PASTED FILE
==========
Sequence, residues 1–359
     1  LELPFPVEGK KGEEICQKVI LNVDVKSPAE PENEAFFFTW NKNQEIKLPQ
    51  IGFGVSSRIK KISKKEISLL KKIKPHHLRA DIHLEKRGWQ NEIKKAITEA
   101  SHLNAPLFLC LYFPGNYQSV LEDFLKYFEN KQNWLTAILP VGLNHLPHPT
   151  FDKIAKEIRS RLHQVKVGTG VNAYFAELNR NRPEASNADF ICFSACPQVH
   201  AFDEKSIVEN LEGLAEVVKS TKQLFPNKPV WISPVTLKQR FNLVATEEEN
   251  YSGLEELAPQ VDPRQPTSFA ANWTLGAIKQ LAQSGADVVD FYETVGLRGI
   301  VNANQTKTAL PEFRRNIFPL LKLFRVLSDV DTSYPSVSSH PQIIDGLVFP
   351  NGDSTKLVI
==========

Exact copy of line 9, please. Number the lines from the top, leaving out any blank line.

   351  NGDSTKLVI